The NFL provides an interesting diversion for many in a variety of ways.
Some people now seem to enjoy the almost nonstop football games now on television. The wins and losses and ups and downs of a favorite team are endlessly discussed by fans.
Many boys dream of becoming an NFL player.
NFL players make huge wages and everyone around them also make a lot of money.
Interestingly, professional football leagues have been granted 501(c)(6) tax exempt status by the IRS, apparently the result of legislative maneuvering during the NFL-AFL merger in 1966.
U.S. Senator Cory Booker is working to see that changed and has introduced legislation in Congress.
For the NFL, generating at least 9 billion dollars in revenue last season, qualification as a nonprofit is silly.
Most nonprofits are organized to benefit the sick, the poor, the ill, and the employees are generally volunteers or if they receive wages, are fairly low and produce only enough income to be self-sustaining. That definitely doesn’t describe the NFL. NFL Commissioner Roger Goodell and other employees are paid millions in wages each year.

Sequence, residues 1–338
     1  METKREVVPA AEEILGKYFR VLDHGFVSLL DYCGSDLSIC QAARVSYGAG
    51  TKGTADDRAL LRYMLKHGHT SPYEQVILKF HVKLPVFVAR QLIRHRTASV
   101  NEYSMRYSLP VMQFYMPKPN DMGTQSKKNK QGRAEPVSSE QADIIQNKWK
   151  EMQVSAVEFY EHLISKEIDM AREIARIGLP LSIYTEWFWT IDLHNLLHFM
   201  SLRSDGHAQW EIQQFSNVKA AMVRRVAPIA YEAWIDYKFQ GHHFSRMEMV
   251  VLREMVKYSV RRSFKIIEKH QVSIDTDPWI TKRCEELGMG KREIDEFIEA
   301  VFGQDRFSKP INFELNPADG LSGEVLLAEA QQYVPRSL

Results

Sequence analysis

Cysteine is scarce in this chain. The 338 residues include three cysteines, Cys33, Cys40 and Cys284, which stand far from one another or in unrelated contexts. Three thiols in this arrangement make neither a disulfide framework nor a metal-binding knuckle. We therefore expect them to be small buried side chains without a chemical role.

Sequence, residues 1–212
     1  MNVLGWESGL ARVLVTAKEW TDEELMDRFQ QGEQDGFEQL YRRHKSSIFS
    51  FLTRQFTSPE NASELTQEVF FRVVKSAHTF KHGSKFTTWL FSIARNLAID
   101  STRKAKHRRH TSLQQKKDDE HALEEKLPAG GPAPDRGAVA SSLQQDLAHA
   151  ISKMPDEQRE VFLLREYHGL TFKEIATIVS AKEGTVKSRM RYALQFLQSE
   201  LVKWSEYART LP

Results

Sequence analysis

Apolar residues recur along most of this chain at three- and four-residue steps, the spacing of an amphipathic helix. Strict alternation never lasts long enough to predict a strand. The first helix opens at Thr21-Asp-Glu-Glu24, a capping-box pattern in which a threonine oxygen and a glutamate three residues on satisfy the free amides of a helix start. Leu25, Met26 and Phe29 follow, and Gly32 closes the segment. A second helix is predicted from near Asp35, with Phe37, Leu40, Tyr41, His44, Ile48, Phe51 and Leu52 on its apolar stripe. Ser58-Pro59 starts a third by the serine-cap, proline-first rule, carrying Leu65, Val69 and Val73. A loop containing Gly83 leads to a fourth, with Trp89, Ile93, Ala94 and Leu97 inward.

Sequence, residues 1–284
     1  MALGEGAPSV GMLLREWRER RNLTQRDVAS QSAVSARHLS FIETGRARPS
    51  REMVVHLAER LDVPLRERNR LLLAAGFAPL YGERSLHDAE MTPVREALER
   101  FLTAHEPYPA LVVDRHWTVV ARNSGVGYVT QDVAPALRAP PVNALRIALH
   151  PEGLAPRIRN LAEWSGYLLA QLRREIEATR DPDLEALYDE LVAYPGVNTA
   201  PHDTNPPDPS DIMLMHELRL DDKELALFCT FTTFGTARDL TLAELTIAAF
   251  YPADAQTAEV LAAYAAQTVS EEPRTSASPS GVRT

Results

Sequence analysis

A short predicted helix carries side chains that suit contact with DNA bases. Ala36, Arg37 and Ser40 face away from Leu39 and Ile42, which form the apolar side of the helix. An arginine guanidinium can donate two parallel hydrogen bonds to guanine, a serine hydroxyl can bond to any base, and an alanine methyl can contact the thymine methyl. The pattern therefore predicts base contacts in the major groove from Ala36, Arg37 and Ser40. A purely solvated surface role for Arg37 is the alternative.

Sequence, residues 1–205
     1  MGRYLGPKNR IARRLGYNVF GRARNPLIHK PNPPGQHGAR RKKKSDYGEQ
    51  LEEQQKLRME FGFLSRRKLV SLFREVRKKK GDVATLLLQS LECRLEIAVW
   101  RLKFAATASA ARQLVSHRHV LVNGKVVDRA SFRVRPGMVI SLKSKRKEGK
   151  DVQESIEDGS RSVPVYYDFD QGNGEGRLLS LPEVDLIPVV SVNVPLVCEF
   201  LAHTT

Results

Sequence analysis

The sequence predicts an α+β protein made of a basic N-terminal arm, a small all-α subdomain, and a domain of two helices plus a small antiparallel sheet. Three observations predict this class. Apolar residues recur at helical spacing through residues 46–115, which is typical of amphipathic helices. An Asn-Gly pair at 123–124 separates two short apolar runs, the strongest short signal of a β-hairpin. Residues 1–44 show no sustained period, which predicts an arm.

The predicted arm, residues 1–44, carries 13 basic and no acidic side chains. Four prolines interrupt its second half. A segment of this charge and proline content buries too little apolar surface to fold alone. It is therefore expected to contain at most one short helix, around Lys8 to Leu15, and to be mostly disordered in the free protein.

Each NFL team pays dues, but since the dues are to a nonprofit, they are considered a donation.
The league isn’t required to be a charity by the letter of the law, but says it is a trade association that helps its members cooperate. Supporters of the designation say the NFL is nonprofit because they pour money back into the company. Also, the teams are not tax-exempt.
However, individual teams are definitely not acting in public interest by telling municipalities they will move teams unless they receive concessions such as property tax abatement, long-term low cost loans and payments to keep teams in town.
In addition, the NHL, USTA, and PGA also operate under the exemption.
While the NFL may not be violating the law, what is being done is simply wrong.
Fourth positive case of COVID-19 identified in Barton County